Will Coles and his wife Tiffany Payne-Coles

Will Coles and his wife Tiffany Payne-Coles

Will Coles, one of Sydney’s most dedicated art mavericks, is leaving town to live in Spain. All I can say is, “bugger”.

Coles is known to any of you who have ever stumbled across one of his strange and enigmatic concrete sculptures that are stuck down firmly on Sydney’s streets. Squashed balaclavas and drink cans, TV remotes and mobile phones, the small invaders have appeared overnight in shady laneways and odd little parks all over the place. There used to be a squished tetra pack near Royal Prince Alfred Hospital. It was so real I actually reached down to give it a poke. Sure enough, it wasn’t budging. Will Coles had been there, no doubt in the dead of night.

I was lucky to interview Coles a good half-dozen times as I wrote about his exploits and exhibitions for the Daily Telegraph. He also invited me to write a short piece for a brochure on his work.

“Will Coles began exhibiting his sculptures in the back streets of inner suburban Sydney in about 2007, in places where they were pretty much tripped over rather than deliberately sought out for viewing,” I wrote. “Uninvited, raw and unapologetic, they quickly became part of the inner  western vibe.”

Coles’ work was taken up by Brenda May Gallery, then Art Equity gallery in Sydney, and he has now had numerous shows. He has also been exhibited in the Holy Grail of Sydney sculpture, Sculpture by the Sea. His appearance there was with a large rendition of those fish-shaped soy sauce containers you get from takeaway shops. But that was many years after he had been an unofficial entrant to Sculpture by the Sea, sneaking into the site under cover of dark to dump his concrete television sets among the invited, sanctioned entries.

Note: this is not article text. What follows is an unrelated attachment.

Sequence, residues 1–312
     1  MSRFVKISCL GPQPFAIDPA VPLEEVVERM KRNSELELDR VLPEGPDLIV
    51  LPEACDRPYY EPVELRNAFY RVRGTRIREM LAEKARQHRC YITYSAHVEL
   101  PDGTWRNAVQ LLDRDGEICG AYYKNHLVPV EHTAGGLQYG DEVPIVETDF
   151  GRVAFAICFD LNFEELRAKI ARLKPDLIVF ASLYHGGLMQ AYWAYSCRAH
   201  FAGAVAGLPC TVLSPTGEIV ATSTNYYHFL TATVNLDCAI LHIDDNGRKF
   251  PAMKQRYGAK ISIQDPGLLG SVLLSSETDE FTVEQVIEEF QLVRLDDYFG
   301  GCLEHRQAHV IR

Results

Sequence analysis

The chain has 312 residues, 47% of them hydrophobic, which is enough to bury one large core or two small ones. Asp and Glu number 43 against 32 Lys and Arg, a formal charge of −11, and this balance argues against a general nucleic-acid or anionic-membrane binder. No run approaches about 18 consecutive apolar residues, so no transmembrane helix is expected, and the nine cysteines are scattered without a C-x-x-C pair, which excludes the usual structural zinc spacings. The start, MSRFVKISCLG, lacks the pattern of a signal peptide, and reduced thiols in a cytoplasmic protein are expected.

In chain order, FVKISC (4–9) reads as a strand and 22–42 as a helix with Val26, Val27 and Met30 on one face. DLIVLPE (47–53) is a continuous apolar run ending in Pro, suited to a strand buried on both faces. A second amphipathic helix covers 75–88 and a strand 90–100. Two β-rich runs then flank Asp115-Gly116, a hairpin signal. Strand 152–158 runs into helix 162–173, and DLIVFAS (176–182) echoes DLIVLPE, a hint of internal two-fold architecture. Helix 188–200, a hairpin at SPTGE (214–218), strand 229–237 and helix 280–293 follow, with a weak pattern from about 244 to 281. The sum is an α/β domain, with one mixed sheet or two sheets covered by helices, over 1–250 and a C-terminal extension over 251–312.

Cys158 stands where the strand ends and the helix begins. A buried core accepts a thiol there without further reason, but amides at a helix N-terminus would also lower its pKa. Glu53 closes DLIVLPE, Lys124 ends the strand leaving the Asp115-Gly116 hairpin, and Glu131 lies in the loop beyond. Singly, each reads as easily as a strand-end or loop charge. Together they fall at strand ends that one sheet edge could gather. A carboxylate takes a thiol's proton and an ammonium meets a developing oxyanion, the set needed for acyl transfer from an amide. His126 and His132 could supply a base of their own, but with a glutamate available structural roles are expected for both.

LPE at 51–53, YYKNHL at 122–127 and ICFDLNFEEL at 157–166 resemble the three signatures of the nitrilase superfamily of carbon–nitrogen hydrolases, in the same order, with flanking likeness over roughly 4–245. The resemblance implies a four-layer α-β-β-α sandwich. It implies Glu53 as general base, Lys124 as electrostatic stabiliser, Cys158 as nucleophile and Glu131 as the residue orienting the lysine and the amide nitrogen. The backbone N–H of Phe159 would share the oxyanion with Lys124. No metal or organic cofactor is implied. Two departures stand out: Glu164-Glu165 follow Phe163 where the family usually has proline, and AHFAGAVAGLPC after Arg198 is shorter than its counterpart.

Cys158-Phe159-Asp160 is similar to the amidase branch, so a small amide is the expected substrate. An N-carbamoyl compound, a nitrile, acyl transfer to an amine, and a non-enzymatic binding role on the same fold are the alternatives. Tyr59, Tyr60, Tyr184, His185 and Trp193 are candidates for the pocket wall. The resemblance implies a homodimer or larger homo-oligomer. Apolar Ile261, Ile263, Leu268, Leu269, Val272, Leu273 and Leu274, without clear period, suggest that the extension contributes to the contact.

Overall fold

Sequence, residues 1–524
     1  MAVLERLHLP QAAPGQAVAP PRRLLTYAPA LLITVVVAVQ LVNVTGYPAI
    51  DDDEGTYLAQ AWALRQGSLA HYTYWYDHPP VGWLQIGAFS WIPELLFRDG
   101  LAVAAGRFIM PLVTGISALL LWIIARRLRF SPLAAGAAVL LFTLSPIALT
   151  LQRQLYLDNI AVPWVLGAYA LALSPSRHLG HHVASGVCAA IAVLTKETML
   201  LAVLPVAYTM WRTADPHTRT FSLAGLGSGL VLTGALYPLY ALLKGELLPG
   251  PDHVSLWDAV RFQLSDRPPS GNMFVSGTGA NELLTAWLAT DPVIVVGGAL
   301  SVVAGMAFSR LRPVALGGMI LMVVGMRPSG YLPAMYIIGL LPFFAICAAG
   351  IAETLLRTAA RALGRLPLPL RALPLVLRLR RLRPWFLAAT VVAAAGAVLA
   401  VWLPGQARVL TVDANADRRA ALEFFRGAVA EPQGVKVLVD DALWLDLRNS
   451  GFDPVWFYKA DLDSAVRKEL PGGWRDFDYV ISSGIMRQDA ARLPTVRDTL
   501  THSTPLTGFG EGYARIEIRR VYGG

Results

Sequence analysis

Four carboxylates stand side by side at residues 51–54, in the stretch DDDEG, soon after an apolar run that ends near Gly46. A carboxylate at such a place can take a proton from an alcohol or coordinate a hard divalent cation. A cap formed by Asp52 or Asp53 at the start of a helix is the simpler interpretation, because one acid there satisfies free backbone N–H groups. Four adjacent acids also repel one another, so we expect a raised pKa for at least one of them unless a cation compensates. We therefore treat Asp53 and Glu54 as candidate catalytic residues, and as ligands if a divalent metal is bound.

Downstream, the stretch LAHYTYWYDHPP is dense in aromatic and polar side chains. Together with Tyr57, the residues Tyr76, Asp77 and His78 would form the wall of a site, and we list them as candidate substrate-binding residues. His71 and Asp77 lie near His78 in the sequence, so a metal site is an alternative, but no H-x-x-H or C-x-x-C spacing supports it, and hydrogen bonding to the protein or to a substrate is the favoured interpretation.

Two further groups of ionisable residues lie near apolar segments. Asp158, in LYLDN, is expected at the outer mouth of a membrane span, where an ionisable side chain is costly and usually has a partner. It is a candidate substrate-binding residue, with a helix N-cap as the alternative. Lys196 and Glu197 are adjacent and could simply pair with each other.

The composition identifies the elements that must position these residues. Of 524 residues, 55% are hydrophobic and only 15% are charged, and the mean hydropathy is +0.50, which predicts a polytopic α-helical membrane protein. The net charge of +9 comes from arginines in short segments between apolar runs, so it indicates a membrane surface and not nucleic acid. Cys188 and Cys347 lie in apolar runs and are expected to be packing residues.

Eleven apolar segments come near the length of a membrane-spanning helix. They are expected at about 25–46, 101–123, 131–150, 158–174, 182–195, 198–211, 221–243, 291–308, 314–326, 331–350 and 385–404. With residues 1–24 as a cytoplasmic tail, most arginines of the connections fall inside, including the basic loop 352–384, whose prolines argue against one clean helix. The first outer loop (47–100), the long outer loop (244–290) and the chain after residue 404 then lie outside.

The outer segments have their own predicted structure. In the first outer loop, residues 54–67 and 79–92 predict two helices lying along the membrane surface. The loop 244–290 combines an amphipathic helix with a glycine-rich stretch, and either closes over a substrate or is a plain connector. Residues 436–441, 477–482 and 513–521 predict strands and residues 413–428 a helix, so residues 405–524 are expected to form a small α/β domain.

Coles’ very witty work, Memorial To The Unknown Armchair General, was exhibited in Hidden, the exhibition of sculpture at Rookwood cemetery. The work is a comfy lounge chair and poof, with a general’s cap on the seat of the chair. All in concrete, I assume. So, as you see, Coles by now is part of the Sydney art scene and has a large and enthusiastic following.

A couple of weeks ago, I met up with Coles and his wife Tiffany Payne-Coles in an Enmore cafe to talk about their plans for Spain. Coles said it felt weird to be leaving when he’s had such a good year. Not only did he marry Tiffany, he also started getting into regional gallery collections, such as Albury, Bathurst and Goulburn, and was shown in the prestigious McClelland sculpture award. “It was the best show I’ve been in, so I was happy with that,” he said.

I asked if the AGNSW had bought anything of his, but no. “I have left stuff outside there,” Coles said. Dropping his art works outside galleries at night has been part of his modus operandi for years.

A Coles balaclava

A Coles balaclava

Coles believes galleries such as Tasmania’s MONA and Chippendale’s White Rabbit are the future. He has spent a lot of time at White Rabbit’s beautiful library, a space I only recently discovered myself.

As for Spain, Coles and Tiffany will leave at the end of March and settle in a rural property about two hours drive from Valencia. Coles inherited the property from family. “I’m taking a lot of moulds so as soon as I get there I can start casting,” Coles said.

It looks like Valencia had better start looking out for Coles’ stick-down sculptures, because he aims to continue this habit in Spain.

Coles is excited  about living near Barcelona which he describes as a hub for street art. And he’s thrilled to be moving to near Valencia, where amazing street art is everywhere but “no one rates it”.

I was always interested in the fact that Coles’ grandfather was the famous British sculptor Norman Sillman. Coles would consult his grandfather over intractable sculptural problems. I was sad to learn from Coles that Sillman passed away in 2013.

Coles plans to keep exhibiting in Sydney at Art Equity and also at M.Contemporary.

I can only wish Coles and Tiffany a very happy future in Valencia. We will miss them.

Elizabeth Fortescue, March 5, 2015